On October 1, 2007, the U.S. Equal Employment Opportunity Commission (“EEOC”) announced that United HealthCare of Florida, Inc. agreed to pay $1.8 million to settle a same-sex harassment and retaliation suit brought by a male former employee. The lawsuit alleged that a male former vice president of key accounts subjected the male senior account executive to repeated verbal sexual harassment. After complaining several times to upper management, including the chief executive officer of United HealthCare, Inc. who failed to take remedial action, the senior account executive quit.

As part of the settlement, United HealthCare of Florida, Inc was required to (1) pay $1.8 million to the former employee in back pay, damages, and private attorney fees, (2) distribute a new anti-harassment policy in Florida, (3) train all employees and managers at the facility on federal discrimination laws including sexual harassment and retaliation, (4) post a notice of resolution of the lawsuit and (5) report to the EEOC twice annually regarding any harassment or retaliation complaints and the actions taken to resolve the complaints. The EEOC release indicates that sexual harassment claims by men have trended upward from 9% of all sexual harassment charges in fiscal year 1992 to 15% in fiscal year 2006.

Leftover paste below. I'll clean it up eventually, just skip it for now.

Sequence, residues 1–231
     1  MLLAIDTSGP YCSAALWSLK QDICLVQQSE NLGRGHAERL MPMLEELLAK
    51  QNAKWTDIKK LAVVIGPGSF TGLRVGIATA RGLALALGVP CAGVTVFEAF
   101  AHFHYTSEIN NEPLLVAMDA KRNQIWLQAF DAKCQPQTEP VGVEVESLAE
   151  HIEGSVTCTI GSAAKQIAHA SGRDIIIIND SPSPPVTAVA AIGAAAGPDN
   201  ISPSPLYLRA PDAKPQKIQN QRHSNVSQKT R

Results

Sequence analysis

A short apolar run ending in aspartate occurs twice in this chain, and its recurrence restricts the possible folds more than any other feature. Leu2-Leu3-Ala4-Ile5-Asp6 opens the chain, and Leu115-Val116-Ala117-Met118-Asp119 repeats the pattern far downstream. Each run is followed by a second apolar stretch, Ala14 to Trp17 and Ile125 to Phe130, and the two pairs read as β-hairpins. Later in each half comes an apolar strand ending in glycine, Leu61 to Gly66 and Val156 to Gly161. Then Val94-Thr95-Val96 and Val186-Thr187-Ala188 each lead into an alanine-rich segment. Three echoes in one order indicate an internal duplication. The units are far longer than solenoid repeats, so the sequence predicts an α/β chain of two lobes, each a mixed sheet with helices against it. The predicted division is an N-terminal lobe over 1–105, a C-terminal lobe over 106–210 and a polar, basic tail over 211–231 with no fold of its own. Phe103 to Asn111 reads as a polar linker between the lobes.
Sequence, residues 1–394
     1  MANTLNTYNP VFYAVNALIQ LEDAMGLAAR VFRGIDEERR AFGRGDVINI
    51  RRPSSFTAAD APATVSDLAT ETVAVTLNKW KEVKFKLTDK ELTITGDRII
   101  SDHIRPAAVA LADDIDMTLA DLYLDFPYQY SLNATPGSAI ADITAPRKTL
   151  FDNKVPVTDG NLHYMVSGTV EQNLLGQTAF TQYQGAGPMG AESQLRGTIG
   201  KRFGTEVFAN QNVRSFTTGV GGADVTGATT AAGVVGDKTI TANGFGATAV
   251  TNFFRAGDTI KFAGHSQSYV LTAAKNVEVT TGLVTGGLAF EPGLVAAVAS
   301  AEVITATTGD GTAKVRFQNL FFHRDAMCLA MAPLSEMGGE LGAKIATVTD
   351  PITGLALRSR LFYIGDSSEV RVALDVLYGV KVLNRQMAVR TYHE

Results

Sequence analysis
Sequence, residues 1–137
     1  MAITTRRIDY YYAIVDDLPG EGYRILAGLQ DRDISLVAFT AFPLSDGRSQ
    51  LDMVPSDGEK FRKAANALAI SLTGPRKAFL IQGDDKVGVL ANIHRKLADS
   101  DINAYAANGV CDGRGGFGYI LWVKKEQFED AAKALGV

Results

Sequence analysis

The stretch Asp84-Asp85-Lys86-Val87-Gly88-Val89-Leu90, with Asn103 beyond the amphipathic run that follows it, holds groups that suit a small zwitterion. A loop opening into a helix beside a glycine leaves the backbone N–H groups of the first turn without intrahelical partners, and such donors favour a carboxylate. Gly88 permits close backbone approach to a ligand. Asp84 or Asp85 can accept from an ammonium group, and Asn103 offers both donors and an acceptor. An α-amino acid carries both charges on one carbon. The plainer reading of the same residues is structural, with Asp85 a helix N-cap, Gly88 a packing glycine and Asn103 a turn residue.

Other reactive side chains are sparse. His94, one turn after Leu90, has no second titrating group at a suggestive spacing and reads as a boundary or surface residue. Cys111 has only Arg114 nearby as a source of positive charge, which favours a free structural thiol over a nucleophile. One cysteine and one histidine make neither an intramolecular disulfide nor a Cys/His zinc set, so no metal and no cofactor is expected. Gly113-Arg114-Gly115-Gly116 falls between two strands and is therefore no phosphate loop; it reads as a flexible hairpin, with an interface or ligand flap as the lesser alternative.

According to Frank Del Barto, a member of the Firm’s Employment and Labor Group, employers should review harassment and retaliation policies to ensure that it addresses same-sex harassment. Although harassment of the opposite sex is still more prevalent, employers must address same-sex sexual harassment and ensure that supervisors and managers at all levels, to include the chief executive officer, understand (1) the nature of sexual harassment, (2) the company’s reporting procedure, and (3) the company’s commitment to prevent blatant and subtle acts of retaliation.